THE death of David Cassai in Rye on New Year’s Eve 2012 was the catalyst for the installation of street CCTV cameras last week.
Flinders MP Greg Hunt met with community leaders on Friday 19 May to announce that the federal government had provided $200,000 for six CCTV cameras covering the foreshore and shopping precinct.
“That fatal one-punch hit took the life of an innocent young man and sent a ripple-effect through an entire community,” he said.
“The installation of CCTVs will assist in reducing anti-social behaviour, deterring would-be offenders and helping people to feel safe.”
Mr Cassai’s mother Caterina Politi said she hoped the cameras would help reduce violent and anti-social behaviour. “I hope the cameras only capture butterflies, rather than violence” she said.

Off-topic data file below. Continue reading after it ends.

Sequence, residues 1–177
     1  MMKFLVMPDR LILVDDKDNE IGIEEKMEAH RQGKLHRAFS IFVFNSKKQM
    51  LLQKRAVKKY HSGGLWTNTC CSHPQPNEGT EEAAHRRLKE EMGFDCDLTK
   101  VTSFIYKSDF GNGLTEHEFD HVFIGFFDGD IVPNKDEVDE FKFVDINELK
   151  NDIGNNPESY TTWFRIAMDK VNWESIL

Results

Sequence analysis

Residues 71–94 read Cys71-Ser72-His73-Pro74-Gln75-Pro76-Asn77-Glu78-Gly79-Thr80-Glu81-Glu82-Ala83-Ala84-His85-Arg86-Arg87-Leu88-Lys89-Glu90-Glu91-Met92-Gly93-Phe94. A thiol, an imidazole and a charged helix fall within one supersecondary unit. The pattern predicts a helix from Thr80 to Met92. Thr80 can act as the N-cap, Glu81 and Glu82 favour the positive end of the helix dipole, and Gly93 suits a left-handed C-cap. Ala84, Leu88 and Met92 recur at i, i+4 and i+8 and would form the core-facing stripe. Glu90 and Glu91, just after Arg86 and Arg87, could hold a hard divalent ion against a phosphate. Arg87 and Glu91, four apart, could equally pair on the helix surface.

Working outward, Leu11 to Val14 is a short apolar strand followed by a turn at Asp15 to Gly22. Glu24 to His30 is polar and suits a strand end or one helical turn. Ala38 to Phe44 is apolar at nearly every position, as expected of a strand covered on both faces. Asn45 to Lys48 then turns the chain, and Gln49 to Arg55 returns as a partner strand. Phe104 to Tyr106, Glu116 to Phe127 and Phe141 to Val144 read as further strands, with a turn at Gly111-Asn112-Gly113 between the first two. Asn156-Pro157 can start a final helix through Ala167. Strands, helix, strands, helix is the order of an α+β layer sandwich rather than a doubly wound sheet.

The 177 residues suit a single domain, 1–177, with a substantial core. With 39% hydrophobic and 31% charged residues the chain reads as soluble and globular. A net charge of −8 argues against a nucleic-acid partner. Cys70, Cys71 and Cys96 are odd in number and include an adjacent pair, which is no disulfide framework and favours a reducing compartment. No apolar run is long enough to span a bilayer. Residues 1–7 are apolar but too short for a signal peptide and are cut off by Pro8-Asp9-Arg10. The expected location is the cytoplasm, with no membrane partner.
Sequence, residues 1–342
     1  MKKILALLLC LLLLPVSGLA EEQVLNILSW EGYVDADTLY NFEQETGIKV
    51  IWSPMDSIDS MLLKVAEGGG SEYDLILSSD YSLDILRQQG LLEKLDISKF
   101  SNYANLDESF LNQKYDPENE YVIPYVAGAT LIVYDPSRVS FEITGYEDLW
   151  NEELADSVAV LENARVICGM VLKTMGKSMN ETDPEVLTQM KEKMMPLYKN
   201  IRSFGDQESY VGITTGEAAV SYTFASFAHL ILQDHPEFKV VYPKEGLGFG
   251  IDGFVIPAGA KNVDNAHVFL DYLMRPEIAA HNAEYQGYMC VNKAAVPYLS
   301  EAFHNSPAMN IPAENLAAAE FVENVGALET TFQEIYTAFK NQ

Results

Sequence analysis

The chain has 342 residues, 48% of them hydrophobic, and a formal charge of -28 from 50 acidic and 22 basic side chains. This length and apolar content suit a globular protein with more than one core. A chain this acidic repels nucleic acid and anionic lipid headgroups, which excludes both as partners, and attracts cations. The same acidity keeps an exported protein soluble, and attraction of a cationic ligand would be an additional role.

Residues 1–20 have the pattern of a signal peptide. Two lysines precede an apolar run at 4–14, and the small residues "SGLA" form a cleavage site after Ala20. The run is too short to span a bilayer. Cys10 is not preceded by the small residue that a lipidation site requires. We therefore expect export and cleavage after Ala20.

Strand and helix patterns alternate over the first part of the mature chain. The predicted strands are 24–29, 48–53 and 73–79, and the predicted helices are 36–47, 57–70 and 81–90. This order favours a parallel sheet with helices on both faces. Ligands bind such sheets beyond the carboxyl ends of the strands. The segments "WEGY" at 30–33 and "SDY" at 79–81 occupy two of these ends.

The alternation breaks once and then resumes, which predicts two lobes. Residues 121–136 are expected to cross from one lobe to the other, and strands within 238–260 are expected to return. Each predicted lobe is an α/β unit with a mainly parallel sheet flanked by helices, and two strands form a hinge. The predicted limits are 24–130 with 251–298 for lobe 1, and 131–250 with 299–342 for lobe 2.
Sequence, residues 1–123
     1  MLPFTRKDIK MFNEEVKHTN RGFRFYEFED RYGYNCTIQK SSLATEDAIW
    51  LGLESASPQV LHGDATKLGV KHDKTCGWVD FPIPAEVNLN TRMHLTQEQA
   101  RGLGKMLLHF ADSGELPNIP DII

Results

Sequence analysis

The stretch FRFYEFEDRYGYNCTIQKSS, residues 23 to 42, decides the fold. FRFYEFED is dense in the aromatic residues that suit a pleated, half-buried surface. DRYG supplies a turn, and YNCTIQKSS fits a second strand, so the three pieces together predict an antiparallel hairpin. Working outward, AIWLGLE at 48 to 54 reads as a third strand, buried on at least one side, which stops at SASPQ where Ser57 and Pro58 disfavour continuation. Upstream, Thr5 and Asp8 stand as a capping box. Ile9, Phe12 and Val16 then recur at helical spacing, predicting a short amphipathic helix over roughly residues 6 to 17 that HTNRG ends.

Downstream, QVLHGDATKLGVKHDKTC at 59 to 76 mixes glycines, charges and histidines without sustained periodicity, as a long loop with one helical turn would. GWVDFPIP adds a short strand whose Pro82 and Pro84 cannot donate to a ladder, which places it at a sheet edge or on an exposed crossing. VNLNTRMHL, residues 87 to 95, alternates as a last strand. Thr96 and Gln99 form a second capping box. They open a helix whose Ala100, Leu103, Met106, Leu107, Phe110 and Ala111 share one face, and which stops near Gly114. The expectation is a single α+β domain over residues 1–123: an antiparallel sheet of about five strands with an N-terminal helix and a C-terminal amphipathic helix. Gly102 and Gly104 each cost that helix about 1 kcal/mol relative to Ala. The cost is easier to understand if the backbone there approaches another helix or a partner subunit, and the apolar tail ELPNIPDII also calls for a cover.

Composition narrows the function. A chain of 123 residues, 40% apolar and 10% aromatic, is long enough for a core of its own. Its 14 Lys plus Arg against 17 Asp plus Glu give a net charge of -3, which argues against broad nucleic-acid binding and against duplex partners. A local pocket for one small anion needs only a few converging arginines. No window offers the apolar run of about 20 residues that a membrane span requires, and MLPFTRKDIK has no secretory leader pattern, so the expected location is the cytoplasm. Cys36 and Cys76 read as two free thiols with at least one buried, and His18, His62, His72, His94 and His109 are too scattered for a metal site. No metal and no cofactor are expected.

“Cameras are one way of helping to deter people from committing crimes and, paired with other measures, they all contribute to making our streets safer.
“In the unfortunate event of an incident, these cameras are incredibly important.”
Mornington Peninsula Shire mayor Cr Bev Colomb said the cameras were “crucial in ensuring community safety”.
“Our community has shown a desire for CCTV systems to help improve the safety of our townships,” she said.
Mr Hunt said CCTV cameras played a vital role in deterring crime and assisting police in apprehending offenders. “Footage … will be monitored in Rosebud and will be used by police in the event of an incident in the area.
“Everyone has the right to feel safe in their community and these cameras will send a clear message to any would-be offenders that they will be caught.
“The CCTV cameras will make Rye a safer place for residents and visitors.”